Chinese Proverbs

Many of the popular Chinese proverbs express distilled wisdom. They are as much in use today as when they were first coined. They are not only a key part of the Chinese language learning, but are also priceless in understanding the Chinese culture. A lot of native Chinese proverbs have become conspicuous in English where they are quoted in their English translation, or through a description of a fable behind the proverb. Let’s see a few of them!

对牛弹琴 (duìniú tánqín)

对(duì): towards, to  牛(niú): cow  弹琴( tánqín): to play a string instrument.  This proverb is used by the Chinese people to describe someone who is explaining something complicated to a fool, alternatively to describe a person who is trying to say something to the wrong audience. English equivalent: To play a harp to a cow.

倾盆大雨(qīngpén dàyǔ)

倾(qīng): pour  盆(pén): bowl  大雨(dàyǔ): heavy rain. People use this proverb to describe an extreme amount of rain in a short period of time, which is also known as a downpour – a sudden and unexpected heavy rain. The English equivalent is “Raining cats and dogs”.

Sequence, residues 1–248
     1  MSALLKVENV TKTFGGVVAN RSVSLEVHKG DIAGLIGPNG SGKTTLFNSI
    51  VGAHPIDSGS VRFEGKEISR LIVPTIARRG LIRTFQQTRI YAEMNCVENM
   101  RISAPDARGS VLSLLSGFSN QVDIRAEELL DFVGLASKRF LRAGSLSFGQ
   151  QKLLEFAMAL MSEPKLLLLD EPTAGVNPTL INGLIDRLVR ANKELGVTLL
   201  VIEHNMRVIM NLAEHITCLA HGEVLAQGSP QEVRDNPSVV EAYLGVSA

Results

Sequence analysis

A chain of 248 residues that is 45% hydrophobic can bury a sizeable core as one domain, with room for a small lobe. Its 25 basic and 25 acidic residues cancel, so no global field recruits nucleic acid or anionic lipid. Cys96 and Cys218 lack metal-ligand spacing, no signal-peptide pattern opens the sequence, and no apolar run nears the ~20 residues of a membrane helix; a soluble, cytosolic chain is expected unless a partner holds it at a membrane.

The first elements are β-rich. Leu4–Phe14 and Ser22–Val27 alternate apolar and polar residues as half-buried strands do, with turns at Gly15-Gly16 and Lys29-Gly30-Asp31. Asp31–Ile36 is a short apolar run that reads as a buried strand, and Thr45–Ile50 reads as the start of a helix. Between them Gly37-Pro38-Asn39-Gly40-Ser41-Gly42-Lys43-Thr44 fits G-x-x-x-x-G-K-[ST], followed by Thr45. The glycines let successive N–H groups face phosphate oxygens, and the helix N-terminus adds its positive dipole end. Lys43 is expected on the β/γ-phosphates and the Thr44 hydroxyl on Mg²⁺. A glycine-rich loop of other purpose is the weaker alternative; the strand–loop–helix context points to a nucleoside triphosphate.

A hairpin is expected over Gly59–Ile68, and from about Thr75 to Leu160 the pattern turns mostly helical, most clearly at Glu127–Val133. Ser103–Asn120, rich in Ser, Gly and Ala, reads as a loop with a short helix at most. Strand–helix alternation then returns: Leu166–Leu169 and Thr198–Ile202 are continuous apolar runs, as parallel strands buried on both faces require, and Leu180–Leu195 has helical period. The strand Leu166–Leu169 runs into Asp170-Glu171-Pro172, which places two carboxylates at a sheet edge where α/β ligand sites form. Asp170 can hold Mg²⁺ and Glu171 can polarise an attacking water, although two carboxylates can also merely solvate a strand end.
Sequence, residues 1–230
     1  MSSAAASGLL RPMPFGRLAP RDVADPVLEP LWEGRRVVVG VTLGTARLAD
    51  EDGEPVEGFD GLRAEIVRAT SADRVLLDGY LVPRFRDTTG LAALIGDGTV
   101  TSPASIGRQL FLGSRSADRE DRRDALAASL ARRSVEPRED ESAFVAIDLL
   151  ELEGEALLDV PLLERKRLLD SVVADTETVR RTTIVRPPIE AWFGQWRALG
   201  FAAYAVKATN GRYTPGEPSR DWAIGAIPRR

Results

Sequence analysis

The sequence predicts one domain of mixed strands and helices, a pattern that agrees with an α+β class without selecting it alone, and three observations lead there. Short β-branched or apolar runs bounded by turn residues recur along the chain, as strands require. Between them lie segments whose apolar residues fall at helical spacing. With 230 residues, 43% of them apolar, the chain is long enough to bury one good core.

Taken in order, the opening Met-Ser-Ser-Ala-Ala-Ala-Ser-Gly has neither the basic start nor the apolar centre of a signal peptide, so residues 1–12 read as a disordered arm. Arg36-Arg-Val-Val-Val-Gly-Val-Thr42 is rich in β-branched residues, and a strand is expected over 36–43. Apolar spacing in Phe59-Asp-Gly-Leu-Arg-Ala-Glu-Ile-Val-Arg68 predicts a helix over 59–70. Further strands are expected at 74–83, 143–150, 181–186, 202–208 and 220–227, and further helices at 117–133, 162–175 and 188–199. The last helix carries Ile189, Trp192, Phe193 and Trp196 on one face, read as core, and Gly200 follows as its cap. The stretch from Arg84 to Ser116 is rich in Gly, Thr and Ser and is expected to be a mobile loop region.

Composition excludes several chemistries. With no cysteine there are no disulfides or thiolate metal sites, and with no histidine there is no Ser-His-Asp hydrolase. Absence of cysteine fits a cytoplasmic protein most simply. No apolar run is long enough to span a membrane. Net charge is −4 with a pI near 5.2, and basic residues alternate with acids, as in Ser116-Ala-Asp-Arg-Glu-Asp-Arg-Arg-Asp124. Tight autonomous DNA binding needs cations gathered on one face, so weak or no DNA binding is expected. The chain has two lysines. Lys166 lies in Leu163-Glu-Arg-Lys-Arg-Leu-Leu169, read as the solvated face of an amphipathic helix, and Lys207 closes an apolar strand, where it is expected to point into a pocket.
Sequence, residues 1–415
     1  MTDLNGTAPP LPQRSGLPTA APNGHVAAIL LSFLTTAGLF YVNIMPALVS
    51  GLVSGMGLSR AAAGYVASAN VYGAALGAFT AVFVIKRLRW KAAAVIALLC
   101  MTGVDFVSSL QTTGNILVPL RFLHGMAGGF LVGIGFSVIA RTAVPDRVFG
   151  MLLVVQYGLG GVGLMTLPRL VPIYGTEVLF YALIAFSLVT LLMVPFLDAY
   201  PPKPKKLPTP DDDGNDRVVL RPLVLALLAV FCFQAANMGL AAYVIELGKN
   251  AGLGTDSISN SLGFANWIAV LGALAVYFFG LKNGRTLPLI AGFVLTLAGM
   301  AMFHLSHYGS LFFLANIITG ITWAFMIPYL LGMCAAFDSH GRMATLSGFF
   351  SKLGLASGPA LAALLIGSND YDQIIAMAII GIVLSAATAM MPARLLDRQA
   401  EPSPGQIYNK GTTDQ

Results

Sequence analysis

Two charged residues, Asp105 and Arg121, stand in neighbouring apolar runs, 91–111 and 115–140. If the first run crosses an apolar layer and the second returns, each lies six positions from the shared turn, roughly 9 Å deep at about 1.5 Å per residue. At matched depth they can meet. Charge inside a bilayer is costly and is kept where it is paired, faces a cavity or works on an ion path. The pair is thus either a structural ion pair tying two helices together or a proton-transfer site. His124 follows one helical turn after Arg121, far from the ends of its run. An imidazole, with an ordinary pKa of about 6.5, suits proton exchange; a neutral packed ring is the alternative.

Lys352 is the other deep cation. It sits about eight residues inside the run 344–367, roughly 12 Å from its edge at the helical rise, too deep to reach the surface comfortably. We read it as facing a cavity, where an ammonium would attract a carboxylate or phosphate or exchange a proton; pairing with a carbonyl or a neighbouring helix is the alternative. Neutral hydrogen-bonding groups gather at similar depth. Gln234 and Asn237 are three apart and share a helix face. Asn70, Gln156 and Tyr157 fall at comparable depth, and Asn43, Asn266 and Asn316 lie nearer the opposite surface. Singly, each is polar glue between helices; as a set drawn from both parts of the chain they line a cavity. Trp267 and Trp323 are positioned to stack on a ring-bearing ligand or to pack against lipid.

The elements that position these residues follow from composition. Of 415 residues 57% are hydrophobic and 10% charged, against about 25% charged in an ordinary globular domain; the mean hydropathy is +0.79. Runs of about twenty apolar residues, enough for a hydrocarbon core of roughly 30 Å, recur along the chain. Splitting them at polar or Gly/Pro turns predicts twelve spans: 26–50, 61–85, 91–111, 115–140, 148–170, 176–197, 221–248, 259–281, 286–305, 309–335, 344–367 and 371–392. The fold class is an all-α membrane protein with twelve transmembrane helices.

说曹操, 曹操到 (shuō Cáo cāo, Cáo cāo dào)

说(shuō): to speak, to talk 曹操 (Cáo cāo):  Cáo cāo is the general of the Wei Kingdom in one of the Chinese classical literature 《三国演义》 (sānguó yǎnyì) “Romance of the Three Kingdoms”, written in the 14th century. 到 (dào): to arrive. This proverb describes where a person appears unexpectedly upon being mentioned. In English, people say: “speak of the devil, and he shall appear”.

一石二鸟 (yīshí èrniǎo)

一(yī): one 石(shí): stone  二(èr): two  鸟(niǎo): bird. “Kill two birds with one stone” means to complete two actions in one go. We could manage to do two things at the same time instead of just one, and it is convenient to do both. In western countries, it is often shortened to “Kill two birds”.

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